Fields of study: Roger Fry’s artworks and art criticism

January 2013

Roger Fry self-portrait (REF/4/8/12)

Roger Fry self-portrait (REF/4/8/12)

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Over the next three months we shall focus on well-known figures associated with King’s College who have had a profound impact on their particular field of study. The first will focus on a famous art critic.

Roger Eliot Fry came up to King’s College in 1885, and was elected to the secret society the Apostles in 1887. Readers who know him from his work as an artist and art critic might be surprised to learn that he took the Natural Sciences tripos. Despite earning a First, he twice failed to secure a Fellowship and he chose to focus on art rather than science.

Upon going down from Cambridge Fry moved to London and studied art under the honorary secretary of the New English Art Club, a competitor of the Royal Academy. Then he spent two months in Paris where he attended classes by Walter Sickert. Further travels included visits to Italy.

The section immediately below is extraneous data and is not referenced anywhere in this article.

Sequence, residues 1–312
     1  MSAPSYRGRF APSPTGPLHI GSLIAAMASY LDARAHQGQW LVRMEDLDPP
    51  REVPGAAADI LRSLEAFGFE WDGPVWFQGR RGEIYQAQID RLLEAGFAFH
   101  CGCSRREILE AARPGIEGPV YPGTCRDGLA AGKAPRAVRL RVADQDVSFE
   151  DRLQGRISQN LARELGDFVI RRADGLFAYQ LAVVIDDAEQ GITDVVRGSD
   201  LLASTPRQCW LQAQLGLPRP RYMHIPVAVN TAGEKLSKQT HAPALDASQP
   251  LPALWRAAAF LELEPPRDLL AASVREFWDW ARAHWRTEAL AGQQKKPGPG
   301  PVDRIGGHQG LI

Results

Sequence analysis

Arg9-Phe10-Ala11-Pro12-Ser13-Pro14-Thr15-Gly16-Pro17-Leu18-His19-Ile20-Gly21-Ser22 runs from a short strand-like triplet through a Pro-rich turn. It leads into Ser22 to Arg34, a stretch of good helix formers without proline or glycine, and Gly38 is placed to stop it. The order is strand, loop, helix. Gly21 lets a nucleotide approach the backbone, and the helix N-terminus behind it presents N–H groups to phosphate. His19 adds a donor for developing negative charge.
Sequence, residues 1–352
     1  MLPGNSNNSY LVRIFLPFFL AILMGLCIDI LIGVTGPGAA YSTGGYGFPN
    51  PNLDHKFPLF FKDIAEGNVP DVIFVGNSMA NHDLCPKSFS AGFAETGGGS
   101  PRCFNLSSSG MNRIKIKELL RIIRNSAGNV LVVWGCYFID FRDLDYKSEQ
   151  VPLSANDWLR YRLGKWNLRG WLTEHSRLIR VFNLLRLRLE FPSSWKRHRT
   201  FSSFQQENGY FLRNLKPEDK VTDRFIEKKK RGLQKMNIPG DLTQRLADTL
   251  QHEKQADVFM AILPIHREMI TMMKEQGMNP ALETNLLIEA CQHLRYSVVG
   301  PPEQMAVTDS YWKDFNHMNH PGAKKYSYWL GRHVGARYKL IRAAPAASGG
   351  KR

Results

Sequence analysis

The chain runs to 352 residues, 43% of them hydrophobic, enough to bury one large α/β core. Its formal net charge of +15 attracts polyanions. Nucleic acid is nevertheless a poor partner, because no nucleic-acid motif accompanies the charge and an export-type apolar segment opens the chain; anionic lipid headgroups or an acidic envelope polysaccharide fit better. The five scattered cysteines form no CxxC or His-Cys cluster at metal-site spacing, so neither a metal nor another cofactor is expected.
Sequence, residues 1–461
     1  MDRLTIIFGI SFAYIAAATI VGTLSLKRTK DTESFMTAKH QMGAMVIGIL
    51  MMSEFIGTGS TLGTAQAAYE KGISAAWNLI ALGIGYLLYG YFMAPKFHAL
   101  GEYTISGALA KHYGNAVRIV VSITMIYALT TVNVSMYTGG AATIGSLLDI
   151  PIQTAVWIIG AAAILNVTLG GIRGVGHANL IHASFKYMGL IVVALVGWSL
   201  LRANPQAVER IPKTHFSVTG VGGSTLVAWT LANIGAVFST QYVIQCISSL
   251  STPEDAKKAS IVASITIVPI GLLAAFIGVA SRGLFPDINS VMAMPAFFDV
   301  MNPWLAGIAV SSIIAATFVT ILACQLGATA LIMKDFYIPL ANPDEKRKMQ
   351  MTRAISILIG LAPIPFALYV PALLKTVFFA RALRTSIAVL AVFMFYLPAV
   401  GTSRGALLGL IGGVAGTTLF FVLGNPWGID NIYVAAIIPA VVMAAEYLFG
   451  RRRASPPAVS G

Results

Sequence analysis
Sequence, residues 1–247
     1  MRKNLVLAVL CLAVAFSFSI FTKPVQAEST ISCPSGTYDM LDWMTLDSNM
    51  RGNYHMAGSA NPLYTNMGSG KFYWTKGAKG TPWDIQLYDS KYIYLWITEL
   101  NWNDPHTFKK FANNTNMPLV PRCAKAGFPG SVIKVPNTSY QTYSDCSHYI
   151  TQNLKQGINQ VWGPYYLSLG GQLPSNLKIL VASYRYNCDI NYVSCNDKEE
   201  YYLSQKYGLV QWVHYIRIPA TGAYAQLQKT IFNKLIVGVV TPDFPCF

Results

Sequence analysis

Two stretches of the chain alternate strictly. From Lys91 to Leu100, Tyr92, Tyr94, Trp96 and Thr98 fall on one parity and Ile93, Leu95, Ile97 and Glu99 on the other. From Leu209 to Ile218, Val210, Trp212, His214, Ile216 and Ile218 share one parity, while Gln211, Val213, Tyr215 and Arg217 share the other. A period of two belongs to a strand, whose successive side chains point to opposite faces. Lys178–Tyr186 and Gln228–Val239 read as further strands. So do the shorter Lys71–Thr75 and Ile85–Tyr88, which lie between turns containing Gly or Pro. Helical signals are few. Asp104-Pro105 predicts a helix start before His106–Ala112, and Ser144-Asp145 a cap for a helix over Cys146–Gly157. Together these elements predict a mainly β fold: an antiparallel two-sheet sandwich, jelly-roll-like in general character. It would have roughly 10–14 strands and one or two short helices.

In 1894 he lectured on Renaissance art, for the Cambridge University extension scheme. By this time he was an expert on old Italian masters and French Post-Impressionist painters – he is credited with coining the phrase ‘Post-Impressionist’. Fry curated two controversial exhibitions of modern French art, ‘Manet and the Post-Impressionists’, held at the Grafton Galleries in 1910, and ‘The Second Post-Impressionists Exhibition’, held there in 1912.

Fry wrote reviews for The Pilot and The Nation. He also helped launch the Burlington Magazine, of which he became joint editor (1909-1918). Fry was often outspoken and somewhat controversial.

He was unable to accept an offer to become the director of the National Gallery because he had already accepted the role of curator of paintings at the Metropolitan Museum of Art, in New York. He held this position from 1906 until 1910. He later refused an offer to become the director of the Tate Gallery.

He was awarded an Honorary Fellowship at King’s College in 1927, and in 1933 became the Slade Professor of Fine Art at Cambridge University.

Roger Fry’s papers at King's College include lectures, correspondence and sketchbooks accumulated by Fry during his lifetime.

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